Manfrotto Pixi and Pixi Evo


Roughly one year ago Manfrotto has launched the Pixi Evo, a miniature lightweight tripod with two-section legs and five adjustable steps. The Pixi Evo represents a design update over the original Pixi mini tripod, and is designed, in part, to support entry-level DSLRs with large lenses. I got mine from Hi-tech Wonder in Lisbon.



Maximum load capacity is 2,5 Kilograms, which is quite substantial given the size of the Pixi EVO. In spite of this, the tripods are lightweight due to the use of aluminium and technopolymer. Features include a portrait shooting mode with a 90-degree tilt, sliding selectors on the legs, and three color options: white, red, and black.


I have been using Manfrotto’s Pixi Evo for a few months now and let me tell you how handy this is: it really is compact, extremely light at only 260 grams, and folded takes up 20 centimetres. I use it with the X-Pro2 and any of the Fujinon lenses that I usually carry around, from the 18mm f2 to the heavier 50-140mm f2.8.


The original Pixi, a design revolution and precursor to the EVO, would only stand one kilo maximum load and, at 190 grams was not that lighter. Therefore, what Manfrotto achieved with this second Pixi is outstanding.



For me it is some sort of buddy, something that I will put on top of almost any surface knowing that it will do what it says on the tin.


I’ve used a couple of Pixi mini tripods for everything, from speedlite mounts to LED stands and they are sturdy, reliable and beautiful objects. The one I’ve photographed here is roughly three years old and still looks the part, fully functional, no problems whatsoever. Hopefully this new EVO will have the same predicaments.




Hi-tech Wonder, Pixi:

Hi-tech Wonder, Pixi Evo:


Photographs: Fujifilm X-Pro2 and Fujinon XF 90mm f2, two LED light sources, one Fujifilm EF-X500 shoe mount flash as a stand alone unit, camera mounted, FP HSS. Velvia film simulation, ACR and Photoshop to taste.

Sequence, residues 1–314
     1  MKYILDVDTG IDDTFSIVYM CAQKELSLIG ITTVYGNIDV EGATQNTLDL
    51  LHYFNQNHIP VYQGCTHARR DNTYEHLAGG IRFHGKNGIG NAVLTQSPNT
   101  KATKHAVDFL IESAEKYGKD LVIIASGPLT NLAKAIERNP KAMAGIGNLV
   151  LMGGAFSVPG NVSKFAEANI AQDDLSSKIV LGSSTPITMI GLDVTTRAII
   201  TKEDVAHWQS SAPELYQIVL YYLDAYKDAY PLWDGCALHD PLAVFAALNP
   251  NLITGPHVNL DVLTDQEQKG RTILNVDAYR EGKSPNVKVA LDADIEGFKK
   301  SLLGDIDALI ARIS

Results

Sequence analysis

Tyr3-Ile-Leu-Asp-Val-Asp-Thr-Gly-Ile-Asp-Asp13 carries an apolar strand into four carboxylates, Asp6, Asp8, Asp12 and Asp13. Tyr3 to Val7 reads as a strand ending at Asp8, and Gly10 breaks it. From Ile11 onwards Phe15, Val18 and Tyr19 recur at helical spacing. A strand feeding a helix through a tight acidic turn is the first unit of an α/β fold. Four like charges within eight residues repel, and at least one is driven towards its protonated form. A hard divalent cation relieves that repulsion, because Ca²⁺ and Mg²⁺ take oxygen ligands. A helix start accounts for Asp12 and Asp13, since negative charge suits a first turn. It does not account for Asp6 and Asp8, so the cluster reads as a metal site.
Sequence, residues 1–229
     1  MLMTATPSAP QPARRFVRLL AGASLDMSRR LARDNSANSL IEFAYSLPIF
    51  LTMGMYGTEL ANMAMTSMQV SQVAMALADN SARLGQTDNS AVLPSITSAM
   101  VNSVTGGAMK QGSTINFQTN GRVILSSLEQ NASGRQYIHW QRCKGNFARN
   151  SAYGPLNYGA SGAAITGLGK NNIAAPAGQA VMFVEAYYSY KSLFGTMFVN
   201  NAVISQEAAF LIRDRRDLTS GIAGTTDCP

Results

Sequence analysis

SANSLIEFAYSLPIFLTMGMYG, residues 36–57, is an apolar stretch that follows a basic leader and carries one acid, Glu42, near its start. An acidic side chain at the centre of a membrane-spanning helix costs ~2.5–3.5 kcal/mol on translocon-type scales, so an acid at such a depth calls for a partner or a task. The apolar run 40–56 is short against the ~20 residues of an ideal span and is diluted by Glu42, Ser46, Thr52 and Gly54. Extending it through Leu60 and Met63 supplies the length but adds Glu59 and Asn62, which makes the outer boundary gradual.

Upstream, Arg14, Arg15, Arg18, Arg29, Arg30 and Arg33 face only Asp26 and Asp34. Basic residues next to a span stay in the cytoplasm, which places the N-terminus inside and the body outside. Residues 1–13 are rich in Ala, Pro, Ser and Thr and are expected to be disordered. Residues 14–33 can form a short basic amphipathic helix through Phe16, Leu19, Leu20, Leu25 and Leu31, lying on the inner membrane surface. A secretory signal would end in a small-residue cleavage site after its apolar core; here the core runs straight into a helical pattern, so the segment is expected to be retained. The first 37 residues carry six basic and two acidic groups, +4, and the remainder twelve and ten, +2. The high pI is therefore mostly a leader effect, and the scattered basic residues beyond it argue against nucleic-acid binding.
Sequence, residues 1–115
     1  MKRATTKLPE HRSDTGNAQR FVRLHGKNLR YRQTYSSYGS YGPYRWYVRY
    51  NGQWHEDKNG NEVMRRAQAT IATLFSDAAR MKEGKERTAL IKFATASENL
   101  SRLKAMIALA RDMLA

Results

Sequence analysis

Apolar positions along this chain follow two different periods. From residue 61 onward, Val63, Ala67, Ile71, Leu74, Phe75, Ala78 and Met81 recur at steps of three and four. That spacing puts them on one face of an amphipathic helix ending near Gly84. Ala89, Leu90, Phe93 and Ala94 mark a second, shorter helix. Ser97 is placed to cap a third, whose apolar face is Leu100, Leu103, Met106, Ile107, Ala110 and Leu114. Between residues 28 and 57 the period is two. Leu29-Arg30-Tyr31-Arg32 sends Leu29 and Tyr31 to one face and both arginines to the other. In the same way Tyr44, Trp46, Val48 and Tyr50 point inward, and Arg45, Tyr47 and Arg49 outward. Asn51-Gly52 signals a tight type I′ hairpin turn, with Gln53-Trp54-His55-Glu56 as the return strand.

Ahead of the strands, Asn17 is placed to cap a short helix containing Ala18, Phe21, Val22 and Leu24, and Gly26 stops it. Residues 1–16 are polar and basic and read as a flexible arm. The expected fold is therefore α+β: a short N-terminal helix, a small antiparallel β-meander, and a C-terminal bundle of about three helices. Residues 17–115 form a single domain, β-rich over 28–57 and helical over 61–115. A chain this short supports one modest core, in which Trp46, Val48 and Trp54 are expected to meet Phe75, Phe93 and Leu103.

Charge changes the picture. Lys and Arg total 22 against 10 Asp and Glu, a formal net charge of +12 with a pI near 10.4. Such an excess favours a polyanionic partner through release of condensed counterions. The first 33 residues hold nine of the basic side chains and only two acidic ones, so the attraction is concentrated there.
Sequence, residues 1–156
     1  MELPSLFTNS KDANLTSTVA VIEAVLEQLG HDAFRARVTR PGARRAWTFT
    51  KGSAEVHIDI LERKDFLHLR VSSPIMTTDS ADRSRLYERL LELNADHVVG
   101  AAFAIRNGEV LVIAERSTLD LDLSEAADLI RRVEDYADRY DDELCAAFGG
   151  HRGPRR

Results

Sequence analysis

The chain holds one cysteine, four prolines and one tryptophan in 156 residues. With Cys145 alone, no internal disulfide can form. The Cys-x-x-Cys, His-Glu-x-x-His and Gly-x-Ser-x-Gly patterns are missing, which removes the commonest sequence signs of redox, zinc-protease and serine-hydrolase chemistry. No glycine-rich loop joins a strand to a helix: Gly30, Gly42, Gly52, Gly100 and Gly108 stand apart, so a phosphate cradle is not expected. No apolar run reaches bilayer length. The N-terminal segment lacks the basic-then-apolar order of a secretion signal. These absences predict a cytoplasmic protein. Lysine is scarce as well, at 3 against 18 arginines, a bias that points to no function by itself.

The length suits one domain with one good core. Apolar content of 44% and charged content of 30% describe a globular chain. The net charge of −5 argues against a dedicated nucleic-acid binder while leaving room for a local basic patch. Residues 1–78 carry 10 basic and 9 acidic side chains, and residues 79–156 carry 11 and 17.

Genesis BH 34 Arca Swiss head and Giottos Carbon Fibre Tripod GT8223


I’ve been using this set for quite a while, both the Arca Swiss head from Genesis, model reference BH 34 and Giottos Carbon Fibre Tripod GT8223.


For all of you out there working on a mirrorless based system, weight is paramount – at only 1150 grams (tripod 810 grams, head 340 grams), this is an extremely lightweight system, portable on the side/underneath your backpack or even handheld in a soft case.


For Fujifilm users that use handgrip on their cameras (except power booster for X-T1/X-T2), the Arca Swiss norm is quintessential. Instead of having to rely on a normal head system, with a plate (camera mount) to attach to the camera, which is cumbersome and impractical, with Arca Swiss heads the camera base plate is the actual plate that slides onto the tripod head, sliding in and out one way, faster, safer and improving practicality and work flow, exponentially. Believe me, once you’ve tried this solution you will agree with me, no doubt.


The Genesis tripod head I’ve been using (BH 34) costs less than €55, has a maximum load capacity of 15 Kg(!) and I highly recommend it, due to an unbeatable price/performance ratio.


This ball head is made of lightweight and durable aluminium-magnesium alloy. It features panoramic base with rotational scale to ensure seamless panning experience – extremely smooth. Additionally, there is a knob to unlock the ball with an integrated limitation stop that allows pneumatic adjustment of the ball’s clamping force, clever. The quick-release’s mounting point features spirit levels for precise framing and is equipped with special bolts protecting against the accidental fall out.


The ball diameter is 34mm, height at 93mm – you get a reduction key and a 1/4”-3/8” reduction, a case, an Allen wrench with it, so it will fit almost anything you throw at it.



Giottos has now discontinued this model (GT 8223 Carbon Fibre Tripod), but you can still find it in a few retailers that kept them in stock for longer, usually with 5011N Giottos head, a universal camera mount tripod head, no Arca Swiss here. At around €120 it is an exceptional deal. There are other options, from Triopo, models GX 1027 and GX 1127, from €119, without head – so around €170 provides you an excellent solution, durable, piratical, cost-effective and lightweight.


The reason I would recommend carbon fibre over aluminium alloy, is not only about weight gain – 35 to 45% – indeed, carbon fibre has higher strength and has more resilience to fatigue, is less prone to vibrate (some say in excess of 50%, imagine what it can do to your long exposures) and it has better looks and finish.


The reason I would recommend carbon fibre over aluminium alloy, is not only about weight gain – 35 to 45% – indeed, carbon fibre has higher strength and has more resilience to fatigue, is less prone to vibrate (some say in excess of 50%, imagine what it can do to your long exposures) and it has better looks and finish.